The Democrats’ plan to cancel Fox News just hit this giant roadblock

Democrats in Washington, D.C. have frightening plans for their newfound power.

The Left wants to censor all conservative political views.

But now the Democrats’ plan to cancel Fox News just hit this giant roadblock.

California Representatives Anna Eshoo and Jerry McNerney dispatched a letter to the executives of major cable companies and streaming platforms demanding to know what steps they would take to censor Fox News, Newsmax, and One America News Network.

This letter came ahead of a hearing where Democrats planned to pressure cable and tech companies into censoring news networks that cover stories that Democrats do not like.

But Republican members of the Federal Communications Commission pushed back.

Commissioner Brendan Carr ripped the Democrats in a statement published on the FCC’s official website for an un-American attack on free speech.

“By writing letters to the cable providers and other regulated entities that carry these news media outlets, the Democrats are sending a message that is as clear as it is troubling—these regulated entities will pay a price if the targeted newsrooms do not conform to Democrats’ preferred political narratives,” Carr wrote.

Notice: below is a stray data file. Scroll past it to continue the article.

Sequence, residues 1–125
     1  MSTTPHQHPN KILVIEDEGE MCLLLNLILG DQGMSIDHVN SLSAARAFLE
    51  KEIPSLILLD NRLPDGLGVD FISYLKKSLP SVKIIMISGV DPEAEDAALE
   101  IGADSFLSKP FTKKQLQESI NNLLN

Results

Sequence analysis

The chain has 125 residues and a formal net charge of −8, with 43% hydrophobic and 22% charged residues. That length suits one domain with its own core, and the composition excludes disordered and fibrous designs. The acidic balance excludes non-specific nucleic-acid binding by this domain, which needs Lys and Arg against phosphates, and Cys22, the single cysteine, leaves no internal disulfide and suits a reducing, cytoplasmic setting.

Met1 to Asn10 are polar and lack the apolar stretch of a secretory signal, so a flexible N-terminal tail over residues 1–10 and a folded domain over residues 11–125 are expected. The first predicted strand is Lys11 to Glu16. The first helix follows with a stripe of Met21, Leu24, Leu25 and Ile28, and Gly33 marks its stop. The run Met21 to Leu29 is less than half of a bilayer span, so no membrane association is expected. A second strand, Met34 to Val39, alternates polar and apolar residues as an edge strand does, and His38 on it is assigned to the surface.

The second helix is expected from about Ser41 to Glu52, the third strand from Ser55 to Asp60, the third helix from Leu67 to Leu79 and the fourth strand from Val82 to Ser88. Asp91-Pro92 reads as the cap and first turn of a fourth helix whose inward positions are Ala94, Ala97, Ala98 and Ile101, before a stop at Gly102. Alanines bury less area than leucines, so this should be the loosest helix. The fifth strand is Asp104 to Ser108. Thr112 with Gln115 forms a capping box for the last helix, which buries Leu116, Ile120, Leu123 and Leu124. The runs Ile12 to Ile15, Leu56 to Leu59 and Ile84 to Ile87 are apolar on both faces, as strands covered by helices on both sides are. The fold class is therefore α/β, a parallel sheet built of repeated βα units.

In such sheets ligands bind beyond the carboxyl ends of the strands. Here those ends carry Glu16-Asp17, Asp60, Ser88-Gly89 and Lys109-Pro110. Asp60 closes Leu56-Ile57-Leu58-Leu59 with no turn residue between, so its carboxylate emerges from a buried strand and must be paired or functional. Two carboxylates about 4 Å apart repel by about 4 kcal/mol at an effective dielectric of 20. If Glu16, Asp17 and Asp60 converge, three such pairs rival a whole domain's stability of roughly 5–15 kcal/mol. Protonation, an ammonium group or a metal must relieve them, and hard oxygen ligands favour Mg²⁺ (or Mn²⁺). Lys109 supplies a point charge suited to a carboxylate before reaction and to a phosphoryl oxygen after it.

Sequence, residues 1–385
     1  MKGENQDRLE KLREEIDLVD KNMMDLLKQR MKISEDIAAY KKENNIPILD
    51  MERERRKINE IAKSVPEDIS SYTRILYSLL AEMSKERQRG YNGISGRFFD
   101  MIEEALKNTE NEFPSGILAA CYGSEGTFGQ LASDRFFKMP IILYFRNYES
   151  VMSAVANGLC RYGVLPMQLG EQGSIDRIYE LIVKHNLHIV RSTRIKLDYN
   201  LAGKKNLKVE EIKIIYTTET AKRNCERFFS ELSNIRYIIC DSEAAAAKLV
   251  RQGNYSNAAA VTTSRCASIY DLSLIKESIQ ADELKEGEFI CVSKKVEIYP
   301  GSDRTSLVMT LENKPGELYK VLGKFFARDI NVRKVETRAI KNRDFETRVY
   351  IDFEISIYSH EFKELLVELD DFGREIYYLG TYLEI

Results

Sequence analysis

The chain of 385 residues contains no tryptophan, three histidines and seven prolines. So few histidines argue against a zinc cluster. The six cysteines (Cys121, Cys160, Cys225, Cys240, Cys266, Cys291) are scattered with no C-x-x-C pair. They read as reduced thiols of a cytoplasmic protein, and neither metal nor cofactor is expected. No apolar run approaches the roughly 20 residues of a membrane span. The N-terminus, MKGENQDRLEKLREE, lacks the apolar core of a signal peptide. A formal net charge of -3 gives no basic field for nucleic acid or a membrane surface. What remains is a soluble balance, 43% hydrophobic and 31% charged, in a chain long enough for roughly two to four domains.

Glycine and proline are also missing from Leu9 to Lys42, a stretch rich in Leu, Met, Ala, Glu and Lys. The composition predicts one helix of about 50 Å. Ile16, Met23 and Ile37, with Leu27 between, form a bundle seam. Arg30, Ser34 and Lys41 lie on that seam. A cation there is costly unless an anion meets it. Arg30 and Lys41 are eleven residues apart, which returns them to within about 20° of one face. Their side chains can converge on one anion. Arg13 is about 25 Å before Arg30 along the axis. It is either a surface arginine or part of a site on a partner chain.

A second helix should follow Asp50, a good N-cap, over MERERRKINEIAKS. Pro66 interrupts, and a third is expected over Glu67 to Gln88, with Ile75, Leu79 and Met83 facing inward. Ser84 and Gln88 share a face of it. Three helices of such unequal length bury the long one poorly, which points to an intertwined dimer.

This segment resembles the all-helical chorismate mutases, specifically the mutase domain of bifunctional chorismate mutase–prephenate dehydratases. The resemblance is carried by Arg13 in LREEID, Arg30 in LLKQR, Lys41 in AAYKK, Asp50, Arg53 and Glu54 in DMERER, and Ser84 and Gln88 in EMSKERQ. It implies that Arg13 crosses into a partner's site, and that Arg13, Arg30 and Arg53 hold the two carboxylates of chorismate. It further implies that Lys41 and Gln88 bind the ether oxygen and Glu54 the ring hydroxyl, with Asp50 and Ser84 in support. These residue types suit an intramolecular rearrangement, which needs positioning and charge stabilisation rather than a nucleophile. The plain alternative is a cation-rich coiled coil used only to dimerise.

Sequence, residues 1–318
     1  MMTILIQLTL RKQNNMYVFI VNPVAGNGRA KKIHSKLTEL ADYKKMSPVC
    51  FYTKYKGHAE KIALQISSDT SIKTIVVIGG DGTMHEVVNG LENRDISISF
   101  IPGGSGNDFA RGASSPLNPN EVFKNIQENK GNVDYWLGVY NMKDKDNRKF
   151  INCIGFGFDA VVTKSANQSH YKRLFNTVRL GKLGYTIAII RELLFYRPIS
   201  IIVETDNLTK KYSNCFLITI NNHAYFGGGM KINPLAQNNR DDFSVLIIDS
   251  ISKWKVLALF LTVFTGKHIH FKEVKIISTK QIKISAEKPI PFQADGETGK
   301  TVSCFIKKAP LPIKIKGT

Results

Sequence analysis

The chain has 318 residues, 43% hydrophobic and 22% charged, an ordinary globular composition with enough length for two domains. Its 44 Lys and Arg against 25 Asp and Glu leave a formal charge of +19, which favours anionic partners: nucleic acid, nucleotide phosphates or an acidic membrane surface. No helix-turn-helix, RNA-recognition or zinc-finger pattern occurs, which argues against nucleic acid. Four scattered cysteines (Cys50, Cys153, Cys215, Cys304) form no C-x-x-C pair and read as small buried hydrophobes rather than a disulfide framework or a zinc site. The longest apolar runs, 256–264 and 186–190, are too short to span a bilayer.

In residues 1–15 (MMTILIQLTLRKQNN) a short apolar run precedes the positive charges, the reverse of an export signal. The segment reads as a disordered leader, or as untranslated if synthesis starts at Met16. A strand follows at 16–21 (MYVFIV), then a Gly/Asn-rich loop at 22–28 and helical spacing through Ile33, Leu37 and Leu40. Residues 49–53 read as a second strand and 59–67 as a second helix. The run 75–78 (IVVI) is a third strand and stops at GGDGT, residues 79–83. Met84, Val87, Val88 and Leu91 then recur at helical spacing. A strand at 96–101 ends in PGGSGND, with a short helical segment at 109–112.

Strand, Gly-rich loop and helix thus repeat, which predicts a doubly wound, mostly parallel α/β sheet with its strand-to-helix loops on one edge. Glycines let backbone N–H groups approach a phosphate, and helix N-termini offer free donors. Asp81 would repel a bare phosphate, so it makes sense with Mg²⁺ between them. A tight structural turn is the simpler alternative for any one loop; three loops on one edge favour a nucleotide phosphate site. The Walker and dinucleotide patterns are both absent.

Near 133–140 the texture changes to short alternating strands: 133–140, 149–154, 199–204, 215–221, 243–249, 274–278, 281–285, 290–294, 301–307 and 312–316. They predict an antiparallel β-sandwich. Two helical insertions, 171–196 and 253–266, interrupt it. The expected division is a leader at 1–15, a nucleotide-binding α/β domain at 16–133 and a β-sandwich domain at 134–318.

“This is a chilling transgression of the free speech rights that every media outlet in this country enjoys,” Carr added.

Carr’s fellow Republican on the FCC, Nathan Simington, joined to point out how dangerous it was that the Left now labels any viewpoint liberals don’t like as “misinformation” and that elected Democrats are now trying to bully cable companies and streaming services into silencing their political opponents.

“It is worrying that members of the House Energy and Commerce Committee have found it appropriate or necessary to apply the overbroad and vague label of ‘misinformation’ to any media reportage that calls into question their preferred political narratives, and have sought to intimidate into silence those who would distribute on their platforms disfavored points of view,” Simington wrote.

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